Why Jack Wilshere has only one year to save his West Ham career

On a scorching afternoon in East London against a stubborn Leicester City side, positives were few and far between for Manuel Pellegrini. Although the Hammers dominated possession, their defending left a lot to be desired. Leicester had it too easy hacking into a metal firewall planted by the Chilean.

West Ham had endured a three-game losing run. Just when the faithful envisaged an end, the defence bottled it again. Twice they led and twice they capitulated. Lucas Perez’s fine finish was cancelled by an injury-time Harvey Barnes strike which turned three points into one for the Irons.

“We conceded two easy goals, including one in the last minute of the game,” Pellegrini told the Hammers official website at the time. “In most part of the second round, we are conceding two goals in each game, which is too much.”

Amid the heartbreak, Wilshere’s comeback lifted the spirits. At least, momentarily. The ex-Arsenal man hadn’t featured for the club since the year’s turn, plagued by various degree of an ankle injury. Although not the sort of welcome party expected, Wilshere must take advantage.

The Englishman’s immense talent is never in doubt. His affinity for the treatment room, however, chafing. When fully fit, he is one of the best midfielders in the Premier League. Tough, fearless, he is instrumental both in attack and defence. One minute he’s jogging with the ball, another he is gone. Wilshere is able to stay on the ball due to his great strength which allows him to create chances.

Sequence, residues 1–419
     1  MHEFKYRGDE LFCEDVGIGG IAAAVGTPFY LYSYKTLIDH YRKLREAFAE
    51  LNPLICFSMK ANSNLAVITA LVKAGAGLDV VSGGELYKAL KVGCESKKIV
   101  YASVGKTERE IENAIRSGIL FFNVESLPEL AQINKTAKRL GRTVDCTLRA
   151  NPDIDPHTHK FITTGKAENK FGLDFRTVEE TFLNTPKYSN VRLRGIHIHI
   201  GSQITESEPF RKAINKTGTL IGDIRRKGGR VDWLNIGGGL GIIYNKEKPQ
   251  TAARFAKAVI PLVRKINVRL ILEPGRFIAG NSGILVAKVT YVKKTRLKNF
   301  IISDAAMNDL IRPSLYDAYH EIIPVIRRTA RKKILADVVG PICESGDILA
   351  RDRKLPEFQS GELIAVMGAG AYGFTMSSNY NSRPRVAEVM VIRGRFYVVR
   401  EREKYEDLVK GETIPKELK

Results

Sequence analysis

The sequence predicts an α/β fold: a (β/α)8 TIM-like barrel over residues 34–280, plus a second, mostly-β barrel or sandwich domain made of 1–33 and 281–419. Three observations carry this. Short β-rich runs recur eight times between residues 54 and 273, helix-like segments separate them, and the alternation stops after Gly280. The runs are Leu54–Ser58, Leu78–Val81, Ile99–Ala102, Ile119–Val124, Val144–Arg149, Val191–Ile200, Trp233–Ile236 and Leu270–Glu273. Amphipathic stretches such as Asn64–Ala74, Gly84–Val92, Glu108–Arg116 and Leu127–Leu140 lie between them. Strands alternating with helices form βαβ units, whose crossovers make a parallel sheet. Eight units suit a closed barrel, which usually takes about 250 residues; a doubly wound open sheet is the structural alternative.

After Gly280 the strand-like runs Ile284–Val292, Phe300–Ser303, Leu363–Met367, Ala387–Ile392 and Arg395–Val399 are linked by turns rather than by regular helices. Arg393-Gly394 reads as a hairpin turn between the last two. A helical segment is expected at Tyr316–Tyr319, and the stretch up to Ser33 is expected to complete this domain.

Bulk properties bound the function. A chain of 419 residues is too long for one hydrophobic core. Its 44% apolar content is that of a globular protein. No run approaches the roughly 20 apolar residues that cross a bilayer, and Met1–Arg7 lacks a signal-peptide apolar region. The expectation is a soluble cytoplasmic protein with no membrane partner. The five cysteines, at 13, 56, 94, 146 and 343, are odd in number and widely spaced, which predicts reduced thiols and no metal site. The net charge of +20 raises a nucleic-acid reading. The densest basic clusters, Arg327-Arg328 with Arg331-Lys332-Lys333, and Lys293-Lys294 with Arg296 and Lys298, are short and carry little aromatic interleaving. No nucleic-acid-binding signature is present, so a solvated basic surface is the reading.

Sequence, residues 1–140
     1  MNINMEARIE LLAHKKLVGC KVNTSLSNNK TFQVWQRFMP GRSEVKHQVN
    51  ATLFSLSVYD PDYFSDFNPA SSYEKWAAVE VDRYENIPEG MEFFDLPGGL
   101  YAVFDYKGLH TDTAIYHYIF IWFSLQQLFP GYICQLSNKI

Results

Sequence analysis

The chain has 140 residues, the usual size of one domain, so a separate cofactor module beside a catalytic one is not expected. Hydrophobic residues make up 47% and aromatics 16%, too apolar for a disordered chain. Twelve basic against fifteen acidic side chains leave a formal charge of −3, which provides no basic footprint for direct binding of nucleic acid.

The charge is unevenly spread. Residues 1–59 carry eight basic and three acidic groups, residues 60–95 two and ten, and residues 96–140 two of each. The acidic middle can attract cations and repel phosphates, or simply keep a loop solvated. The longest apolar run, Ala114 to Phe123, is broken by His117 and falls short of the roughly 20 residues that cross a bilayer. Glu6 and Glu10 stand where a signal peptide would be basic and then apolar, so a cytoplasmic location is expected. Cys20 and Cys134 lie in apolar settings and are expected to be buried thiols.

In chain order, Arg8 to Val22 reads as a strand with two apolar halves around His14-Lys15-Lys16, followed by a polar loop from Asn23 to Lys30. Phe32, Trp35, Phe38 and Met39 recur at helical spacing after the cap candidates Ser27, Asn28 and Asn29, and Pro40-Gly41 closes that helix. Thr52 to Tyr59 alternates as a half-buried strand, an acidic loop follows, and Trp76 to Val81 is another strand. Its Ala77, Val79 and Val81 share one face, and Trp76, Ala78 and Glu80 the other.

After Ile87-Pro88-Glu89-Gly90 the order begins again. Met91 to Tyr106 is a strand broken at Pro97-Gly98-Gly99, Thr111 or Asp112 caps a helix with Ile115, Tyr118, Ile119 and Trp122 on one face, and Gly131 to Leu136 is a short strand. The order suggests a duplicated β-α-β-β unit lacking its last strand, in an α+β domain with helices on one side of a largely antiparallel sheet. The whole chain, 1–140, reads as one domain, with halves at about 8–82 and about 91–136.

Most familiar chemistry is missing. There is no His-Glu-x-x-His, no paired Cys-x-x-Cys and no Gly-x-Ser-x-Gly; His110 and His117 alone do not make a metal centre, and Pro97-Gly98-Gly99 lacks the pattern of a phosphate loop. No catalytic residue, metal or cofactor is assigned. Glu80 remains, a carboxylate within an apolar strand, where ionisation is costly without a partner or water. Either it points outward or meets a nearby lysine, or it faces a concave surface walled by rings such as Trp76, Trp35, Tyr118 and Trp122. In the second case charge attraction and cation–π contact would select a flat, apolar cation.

Finding that balance, though, is what makes the 27-year-old an oddity in football. After some fine run of games, he tends to go off the rail with an injury. He was like the senior prefect in Arsenal’s injury school. He suffered about 13 different injuries since breaking into the Gunners’ first team in 2009/10 season.

The move to West Ham was supposed to end his injury woes. However, it’s been the same bane for the once-touted ‘ future England captain’. Wilshere visited the treatment room twice, amounting to over six months.

Before that latest return, Wilshere made five appearances, starting four. The 27-year-old garnered 344 minutes since arriving, just 10 in four months. West Ham’s last three matches will be crucial.

Wilshere has two more years left on his contract. At 27, he still has loads of productive years ahead. However, the next 12 months could decide the rest of his career.

If he manages to avoid the treatment room, he will play a key part in the Iron’s campaign. In case of the reverse, it will be unsurprising to see Pellegrini cut his losses and ship the midfielder off.

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